“To those who haven’t profited financially from their sexuality, those of us who have often inspired an extreme range of emotions: Why would we take off our clothes for money? What makes us take the initial plunge? What makes one financially strapped girl into a hooker and another into a Denny’s waitress and another into a med student? You want to connect the dots. You all want reassurance that it won’t be your daughter up there on the pole. Shitty relationship with my father, low self esteem, astrologically inevitable craving for adventure, dreams of stardom, history of depression and anxiety, tendency towards substance abuse- put it all in a cauldron and cook and the ideal sex worked emerges, dripping and gleaming and whole.
Lauren’s writing about her family is also eloquent and excruciating. Before her decision to leave home, she’s rude to her mother, ignoring her when she enters the house. Her mom asks if she’s on drugs and her father flies into a rage, calling her an ungrateful little bitch.
With every punctuation mark, my father pulled me forward by my throat and them slammed my head back again. When he let go, I crumpled to the floor and pulled my knees to my chest. I called it my civil disobedience trick. I closed my eyes and made myself the tiniest ball. I showed no soft bits.
I worried about Jillian reading the book, her crazy parents and her recklessness. But I knew she’d come out of her story okay because she’s so smart.
Here’s my interview with Some Girls author, Jillian Lauren. Her book just hit the New York Times best-seller list.
You flew by private plane with another “party girl” from Brunei to Kauala Lampur to shop. You were driven to malls accompanied by men who carried suitcases of cash so you could clean out Chanel and Armani. As one of the prince’s favorite girls, there was no limit on what you could spend. But you were never allowed to leave your hotel room except with that entourage for that purpose. It seems claustrophobic and suffocating– just being in Stonestown mall in San Francisco can feel oppressive, and you shopped for over twelve hours. Was it fun? Were you thinking I’ll be able to write about his someday?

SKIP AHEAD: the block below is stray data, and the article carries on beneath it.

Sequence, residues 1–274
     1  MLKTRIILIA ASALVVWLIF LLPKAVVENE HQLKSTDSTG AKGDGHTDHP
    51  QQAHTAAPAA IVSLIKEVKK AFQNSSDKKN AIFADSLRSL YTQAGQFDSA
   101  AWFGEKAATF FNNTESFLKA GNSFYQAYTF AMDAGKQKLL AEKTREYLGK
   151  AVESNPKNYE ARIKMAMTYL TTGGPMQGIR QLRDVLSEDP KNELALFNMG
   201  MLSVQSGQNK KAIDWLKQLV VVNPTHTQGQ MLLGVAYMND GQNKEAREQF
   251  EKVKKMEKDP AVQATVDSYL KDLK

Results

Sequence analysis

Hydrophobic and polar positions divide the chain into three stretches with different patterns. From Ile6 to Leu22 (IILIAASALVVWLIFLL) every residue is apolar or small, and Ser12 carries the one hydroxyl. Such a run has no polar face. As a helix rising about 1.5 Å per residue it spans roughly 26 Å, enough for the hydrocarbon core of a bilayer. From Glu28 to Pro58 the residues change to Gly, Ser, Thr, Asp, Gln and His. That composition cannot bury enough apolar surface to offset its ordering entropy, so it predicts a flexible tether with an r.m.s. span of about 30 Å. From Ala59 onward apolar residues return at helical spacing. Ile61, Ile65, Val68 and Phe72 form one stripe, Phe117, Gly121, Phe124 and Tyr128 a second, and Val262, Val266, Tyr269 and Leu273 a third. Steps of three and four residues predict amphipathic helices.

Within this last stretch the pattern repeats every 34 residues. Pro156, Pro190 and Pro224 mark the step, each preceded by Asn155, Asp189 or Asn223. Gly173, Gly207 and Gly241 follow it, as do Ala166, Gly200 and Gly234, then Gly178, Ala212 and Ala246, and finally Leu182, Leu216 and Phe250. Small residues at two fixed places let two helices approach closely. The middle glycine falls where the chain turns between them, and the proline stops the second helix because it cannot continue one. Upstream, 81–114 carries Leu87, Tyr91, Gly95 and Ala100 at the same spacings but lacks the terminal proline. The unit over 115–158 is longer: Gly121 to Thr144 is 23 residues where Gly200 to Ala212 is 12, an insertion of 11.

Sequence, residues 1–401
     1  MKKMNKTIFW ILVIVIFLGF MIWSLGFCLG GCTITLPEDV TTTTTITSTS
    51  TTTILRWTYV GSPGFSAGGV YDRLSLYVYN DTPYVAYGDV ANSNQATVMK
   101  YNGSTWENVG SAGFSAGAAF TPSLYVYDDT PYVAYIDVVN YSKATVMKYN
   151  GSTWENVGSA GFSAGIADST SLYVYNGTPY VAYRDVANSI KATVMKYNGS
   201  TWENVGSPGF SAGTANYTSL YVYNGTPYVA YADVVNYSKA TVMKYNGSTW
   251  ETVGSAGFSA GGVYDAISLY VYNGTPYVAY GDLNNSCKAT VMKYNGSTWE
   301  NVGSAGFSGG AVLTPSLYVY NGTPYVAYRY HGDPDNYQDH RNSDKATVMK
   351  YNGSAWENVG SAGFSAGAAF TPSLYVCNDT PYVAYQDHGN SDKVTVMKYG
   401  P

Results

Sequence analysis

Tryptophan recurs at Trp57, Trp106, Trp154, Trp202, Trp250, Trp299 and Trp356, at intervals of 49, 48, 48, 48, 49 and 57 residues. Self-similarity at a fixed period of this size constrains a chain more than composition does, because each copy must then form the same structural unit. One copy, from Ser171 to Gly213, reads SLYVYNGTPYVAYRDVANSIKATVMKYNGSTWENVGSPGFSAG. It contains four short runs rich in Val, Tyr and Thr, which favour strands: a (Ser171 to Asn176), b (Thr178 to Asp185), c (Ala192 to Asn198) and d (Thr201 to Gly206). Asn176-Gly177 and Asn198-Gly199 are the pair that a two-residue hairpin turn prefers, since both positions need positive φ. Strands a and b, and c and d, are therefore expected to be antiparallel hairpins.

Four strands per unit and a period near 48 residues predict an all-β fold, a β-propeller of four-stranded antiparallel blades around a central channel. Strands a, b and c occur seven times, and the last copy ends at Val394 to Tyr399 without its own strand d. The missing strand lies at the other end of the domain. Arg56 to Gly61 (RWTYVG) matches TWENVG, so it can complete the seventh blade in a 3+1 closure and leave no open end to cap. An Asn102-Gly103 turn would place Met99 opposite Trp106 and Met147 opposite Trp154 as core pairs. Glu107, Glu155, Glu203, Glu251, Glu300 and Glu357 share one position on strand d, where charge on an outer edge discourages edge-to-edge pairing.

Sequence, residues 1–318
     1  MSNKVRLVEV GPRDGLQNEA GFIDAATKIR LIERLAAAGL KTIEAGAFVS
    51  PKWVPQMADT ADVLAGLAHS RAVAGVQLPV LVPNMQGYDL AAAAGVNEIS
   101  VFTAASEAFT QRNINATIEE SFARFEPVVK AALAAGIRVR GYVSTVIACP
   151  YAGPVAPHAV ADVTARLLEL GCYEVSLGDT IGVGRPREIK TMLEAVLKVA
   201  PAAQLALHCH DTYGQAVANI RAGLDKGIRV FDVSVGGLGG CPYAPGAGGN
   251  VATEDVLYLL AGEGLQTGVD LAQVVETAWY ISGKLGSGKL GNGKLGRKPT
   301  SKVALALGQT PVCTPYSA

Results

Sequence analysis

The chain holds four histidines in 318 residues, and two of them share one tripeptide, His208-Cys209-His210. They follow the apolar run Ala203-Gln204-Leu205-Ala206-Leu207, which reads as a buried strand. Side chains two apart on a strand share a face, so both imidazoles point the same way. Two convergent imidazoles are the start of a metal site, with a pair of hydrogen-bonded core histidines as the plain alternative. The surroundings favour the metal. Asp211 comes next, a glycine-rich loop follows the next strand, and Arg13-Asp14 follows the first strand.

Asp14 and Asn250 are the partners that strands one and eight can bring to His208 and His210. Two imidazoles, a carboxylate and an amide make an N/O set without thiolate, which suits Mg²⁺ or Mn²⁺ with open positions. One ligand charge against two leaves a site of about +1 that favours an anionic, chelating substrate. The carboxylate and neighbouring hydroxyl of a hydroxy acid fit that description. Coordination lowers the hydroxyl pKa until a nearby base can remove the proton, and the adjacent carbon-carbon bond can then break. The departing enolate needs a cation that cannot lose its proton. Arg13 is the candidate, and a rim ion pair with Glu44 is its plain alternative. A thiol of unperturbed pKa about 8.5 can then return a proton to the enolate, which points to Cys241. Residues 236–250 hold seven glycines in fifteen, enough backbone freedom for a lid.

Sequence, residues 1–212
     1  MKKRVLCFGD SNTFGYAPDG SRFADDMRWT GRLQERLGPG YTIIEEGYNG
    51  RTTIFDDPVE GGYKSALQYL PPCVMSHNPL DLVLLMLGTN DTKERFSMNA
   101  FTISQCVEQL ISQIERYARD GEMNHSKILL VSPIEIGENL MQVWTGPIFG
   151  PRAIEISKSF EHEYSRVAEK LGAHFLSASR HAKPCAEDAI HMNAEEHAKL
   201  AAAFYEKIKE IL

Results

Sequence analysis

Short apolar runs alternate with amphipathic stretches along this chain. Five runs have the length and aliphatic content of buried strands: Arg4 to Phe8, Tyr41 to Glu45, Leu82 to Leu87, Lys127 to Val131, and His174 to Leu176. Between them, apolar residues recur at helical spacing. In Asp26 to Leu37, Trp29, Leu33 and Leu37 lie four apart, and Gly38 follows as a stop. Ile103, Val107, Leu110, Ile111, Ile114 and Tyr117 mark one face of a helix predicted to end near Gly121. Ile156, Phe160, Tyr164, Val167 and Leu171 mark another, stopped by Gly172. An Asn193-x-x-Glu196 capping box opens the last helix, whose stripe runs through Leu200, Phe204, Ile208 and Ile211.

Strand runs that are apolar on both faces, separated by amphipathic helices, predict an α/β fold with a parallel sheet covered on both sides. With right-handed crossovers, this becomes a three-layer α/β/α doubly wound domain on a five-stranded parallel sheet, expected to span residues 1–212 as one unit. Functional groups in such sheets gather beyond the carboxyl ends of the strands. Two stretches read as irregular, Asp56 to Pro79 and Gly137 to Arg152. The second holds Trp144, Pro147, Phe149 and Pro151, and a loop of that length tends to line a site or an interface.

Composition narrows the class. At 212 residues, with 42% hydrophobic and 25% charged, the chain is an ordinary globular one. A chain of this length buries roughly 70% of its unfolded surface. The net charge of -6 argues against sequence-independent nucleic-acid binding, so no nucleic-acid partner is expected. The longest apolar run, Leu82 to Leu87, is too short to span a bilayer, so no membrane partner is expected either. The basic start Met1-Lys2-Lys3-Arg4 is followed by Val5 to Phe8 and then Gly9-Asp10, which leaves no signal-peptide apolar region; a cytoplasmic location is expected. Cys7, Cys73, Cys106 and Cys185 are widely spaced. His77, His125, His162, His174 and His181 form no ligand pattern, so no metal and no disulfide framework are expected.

I was an avid journaller, but I was definitely never thinking of writing anything beyond that. The shopping was a whirlwind. It wasn’t exactly fun, but it was an adrenaline rush. I was excited and yet sort of disgusted with myself at the same time.
You were a guest of the Sultan’s brother, Prince Jefri, though one day, “Robin,” as he was called, shared you with his sibling, sending you to the royal yacht where female kitchen workers, wives, and girlfriends were cruel to you before you met the Sultan.
My survival instinct kicked in. I didn’t have any reason to believe that if I was unwanted, was deemed uninteresting and undesirable, I would be thrown off a cliff or stoned to death in public or shoved in the trunk if a car never to be seen again. Yet I was ready to fight with all I had to stay on the tightrope of royal favor. Maybe there didn’t need to be a threat of corporeal danger; maybe the threat of being unlovable was enough.